Scribes’ Theft Redemption

The Seattle rapper had his original album stolen, but gained insight and the confidence of Mike McCready in the process.

“I’m kind of waiting for the system to die,” says 21-year-old Seattle rapper Scribes of his makeshift recording equipment. He’s seated in front of an ancient-looking Dell PC in his Capitol Hill apartment, showing off the first steps in his process before taking his material to a professional studio. First he rhymes into a rickety microphone, records all his tracks with Pro Tools, and uses a bootleg of another program called ACID to chart the song’s different layers, from vocals to sound effects.

But Seattle native Henry “Scribes” Kleaveland’s pessimism extends beyond his “system.” Since dropping his politically-minded debut disc, Sleepwalk, not long after graduating from Nathan Hale High School in 2006, he’s experienced a maddening combination of good and bad luck. Although he secured financing for his second album from Pearl Jam guitarist Mike McCready, all the money and hard work literally vanished when the album—the digital masters and various pieces of recording equipment—was stolen in November from Forevergreen Studios. As a result, one suspects the quality of his system is the least of his worries.

“I got to be kinda quiet,” he says, pointing up to indicate his neighbors, before playing an early version of the song “Do You Hear Me Now” off his new EP, Summertime Sampler 2009. He’s releasing the disc May 16 in connection with a show at the Vera Project that night. The track he’s playing was recorded by Seattle producer Captain Midnite, with backup vocals by Camila, and is a mournful breakdown of the difficulties of maintaining his integrity while trying to break into the recording industry.

The lyrics have an acidic flavor that hints at Scribes’ hard-won lessons. But it’s not until the song’s end, as the drums lazily pound in the background, that Scribes’ philosophy becomes most apparent. Speaking directly to listeners (and doubtlessly to himself), he declares: “When it comes down to it, it’s about me and those people who support me.”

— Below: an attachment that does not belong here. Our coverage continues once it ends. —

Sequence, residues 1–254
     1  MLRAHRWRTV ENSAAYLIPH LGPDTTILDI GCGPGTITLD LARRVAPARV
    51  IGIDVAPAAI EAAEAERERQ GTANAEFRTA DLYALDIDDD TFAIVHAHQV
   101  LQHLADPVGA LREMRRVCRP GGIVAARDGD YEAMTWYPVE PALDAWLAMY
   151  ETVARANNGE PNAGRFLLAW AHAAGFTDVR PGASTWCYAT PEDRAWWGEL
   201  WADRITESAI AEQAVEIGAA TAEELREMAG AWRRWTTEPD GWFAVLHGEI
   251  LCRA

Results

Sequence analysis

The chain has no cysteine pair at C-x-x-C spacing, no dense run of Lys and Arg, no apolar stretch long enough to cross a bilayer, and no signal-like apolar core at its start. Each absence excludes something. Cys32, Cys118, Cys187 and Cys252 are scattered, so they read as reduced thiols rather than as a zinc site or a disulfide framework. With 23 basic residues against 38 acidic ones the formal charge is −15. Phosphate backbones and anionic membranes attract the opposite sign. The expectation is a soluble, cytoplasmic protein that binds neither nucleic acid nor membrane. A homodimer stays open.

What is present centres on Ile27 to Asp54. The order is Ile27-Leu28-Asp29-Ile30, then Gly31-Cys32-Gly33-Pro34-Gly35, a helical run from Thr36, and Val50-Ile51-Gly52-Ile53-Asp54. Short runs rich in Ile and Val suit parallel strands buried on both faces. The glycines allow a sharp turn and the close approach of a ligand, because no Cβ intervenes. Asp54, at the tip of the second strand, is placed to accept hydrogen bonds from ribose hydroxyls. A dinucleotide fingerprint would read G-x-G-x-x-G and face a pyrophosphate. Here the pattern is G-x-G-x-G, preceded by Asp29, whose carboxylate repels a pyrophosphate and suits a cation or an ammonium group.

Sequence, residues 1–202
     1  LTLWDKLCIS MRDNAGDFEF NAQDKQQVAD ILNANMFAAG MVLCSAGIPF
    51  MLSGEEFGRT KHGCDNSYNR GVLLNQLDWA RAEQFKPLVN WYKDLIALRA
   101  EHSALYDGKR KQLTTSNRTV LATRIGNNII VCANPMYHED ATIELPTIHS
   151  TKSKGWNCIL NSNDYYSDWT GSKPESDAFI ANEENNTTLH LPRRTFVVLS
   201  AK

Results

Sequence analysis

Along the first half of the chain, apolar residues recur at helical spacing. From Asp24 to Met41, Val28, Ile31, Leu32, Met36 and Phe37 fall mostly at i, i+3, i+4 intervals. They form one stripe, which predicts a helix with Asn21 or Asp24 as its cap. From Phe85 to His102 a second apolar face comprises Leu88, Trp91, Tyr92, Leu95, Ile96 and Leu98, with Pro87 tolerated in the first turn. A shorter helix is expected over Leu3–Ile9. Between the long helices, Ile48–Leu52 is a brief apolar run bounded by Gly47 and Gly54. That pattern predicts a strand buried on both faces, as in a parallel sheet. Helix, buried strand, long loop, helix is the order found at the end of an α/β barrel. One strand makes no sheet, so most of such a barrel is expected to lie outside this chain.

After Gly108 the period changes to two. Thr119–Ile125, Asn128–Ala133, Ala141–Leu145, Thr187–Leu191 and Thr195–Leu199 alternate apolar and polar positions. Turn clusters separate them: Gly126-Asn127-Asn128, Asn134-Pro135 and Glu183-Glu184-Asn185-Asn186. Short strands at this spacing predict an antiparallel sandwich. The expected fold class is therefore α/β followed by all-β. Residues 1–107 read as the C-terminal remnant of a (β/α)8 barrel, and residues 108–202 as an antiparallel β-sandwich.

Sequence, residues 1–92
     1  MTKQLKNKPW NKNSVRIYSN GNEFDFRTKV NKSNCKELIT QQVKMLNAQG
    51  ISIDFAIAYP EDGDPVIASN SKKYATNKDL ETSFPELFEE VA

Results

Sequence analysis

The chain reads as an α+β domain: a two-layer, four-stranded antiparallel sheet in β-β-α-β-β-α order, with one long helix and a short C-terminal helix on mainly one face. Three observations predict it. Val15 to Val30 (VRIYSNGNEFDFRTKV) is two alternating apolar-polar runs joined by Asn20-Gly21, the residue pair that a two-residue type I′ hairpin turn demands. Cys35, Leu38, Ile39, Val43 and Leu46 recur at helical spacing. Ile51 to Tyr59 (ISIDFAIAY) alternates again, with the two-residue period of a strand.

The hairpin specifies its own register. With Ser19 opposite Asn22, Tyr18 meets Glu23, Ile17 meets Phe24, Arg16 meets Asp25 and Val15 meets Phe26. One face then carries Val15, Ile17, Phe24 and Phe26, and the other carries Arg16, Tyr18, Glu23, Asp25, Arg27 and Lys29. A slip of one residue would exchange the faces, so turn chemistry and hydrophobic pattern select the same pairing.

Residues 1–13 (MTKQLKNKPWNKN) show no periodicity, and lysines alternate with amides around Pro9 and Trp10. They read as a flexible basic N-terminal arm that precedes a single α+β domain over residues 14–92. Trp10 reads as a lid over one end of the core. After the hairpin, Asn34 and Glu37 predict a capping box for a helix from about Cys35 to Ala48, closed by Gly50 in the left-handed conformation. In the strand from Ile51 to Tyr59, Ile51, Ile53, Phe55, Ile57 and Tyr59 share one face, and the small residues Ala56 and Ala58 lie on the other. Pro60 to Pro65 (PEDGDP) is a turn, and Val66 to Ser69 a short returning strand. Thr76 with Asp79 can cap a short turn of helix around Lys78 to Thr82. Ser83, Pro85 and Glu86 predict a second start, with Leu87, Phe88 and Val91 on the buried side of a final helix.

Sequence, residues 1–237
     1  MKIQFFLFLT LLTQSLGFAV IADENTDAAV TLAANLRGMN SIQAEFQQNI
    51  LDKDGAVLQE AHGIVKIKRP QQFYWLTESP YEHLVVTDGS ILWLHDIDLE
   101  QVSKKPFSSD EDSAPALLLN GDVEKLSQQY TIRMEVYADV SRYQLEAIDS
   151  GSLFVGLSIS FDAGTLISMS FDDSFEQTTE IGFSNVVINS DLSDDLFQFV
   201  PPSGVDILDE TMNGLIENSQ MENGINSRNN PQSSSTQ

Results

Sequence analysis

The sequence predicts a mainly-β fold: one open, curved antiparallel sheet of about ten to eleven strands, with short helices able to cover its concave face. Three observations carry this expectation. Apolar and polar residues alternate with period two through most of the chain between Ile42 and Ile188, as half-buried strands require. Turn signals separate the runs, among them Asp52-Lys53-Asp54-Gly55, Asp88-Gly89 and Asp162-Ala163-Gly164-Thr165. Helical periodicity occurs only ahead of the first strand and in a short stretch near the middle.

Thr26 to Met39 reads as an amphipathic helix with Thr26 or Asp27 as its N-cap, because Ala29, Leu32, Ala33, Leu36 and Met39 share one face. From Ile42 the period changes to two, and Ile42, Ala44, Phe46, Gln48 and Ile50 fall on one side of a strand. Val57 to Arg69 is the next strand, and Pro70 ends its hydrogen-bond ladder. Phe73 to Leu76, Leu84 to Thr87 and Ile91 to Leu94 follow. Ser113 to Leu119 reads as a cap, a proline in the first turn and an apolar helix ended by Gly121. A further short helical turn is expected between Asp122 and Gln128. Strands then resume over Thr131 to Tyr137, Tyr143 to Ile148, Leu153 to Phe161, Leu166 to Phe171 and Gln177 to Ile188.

The role struggle plays in the life of artists, no matter the medium, is of course an old story. Scribes walks down this rutted trail with impressive grace on the EP’s five tracks, except for the Bush-bashing “The Bush Is Over”; the Sebino-produced cut feels like a holdover from the fiercely, if somewhat naively, political debut he recorded at local rapper Macklemore’s home studio.

He opens strong with the only other track produced by Captain Midnite, “Forgive Me.” It deals with the moral sacrifices people make for financial success. It’s here that his lyrical wit shines through with clarity as he ponders: “I’m asking what’s your role, homie, you a rebel with C.R.E.A.M?/Or are you just a piece of metal in the devil machine?” Scribes sings this chorus, as well as the entirety of the Nick Rapp–produced “Outro,” with an effectiveness that brings hip-hop crooners like André 3000 and Mos Def to mind. And it’s to his advantage here that his voice, whether singing or rapping, vibrates with a haunting quality that mirrors the EP’s raw-wounds theme.

When one considers that after his full-length was stolen, Scribes had to completely re-record these songs from scratch at Isaac Meek’s Undercaste studio, the quality of the work becomes even more impressive. “I would be further along, sure,” says Scribes, a coy smile cracking across his boyish face, when asked how the theft impeded his progression. After all, he was to release his original disc, Thruourmusic, produced by BeanOne, at a February show on his 21st birthday. Sadly, Scribes couldn’t afford to hire BeanOne again for the EP, but, he adds, echoing advice that McCready gave him after hearing the bad news, “I’m almost glad it got stolen. It forced me to be kinda resourceful.”

McCready says it’s his firsthand knowledge of young musicians’ hard-knock lives, coupled with the good impression Scribes made on him both as a person and an artist, that led the veteran rocker to finance the album after they met at the gym where Scribes works. While the loss of the album was a definite tragedy, McCready, whose financial stake in it was more as a benefactor than an investor, maintains that such difficulties are a necessary evil.

“Within the struggle, you become a better musician and a better human being—if you don’t let the people who are saying ‘no’ to you get you down,” says McCready.

To his credit, Scribes knows what he’s up against—and how to combat it: “The longer and longer that you don’t put music out, you become less relevant,” he says. “It’s just a matter of getting better.”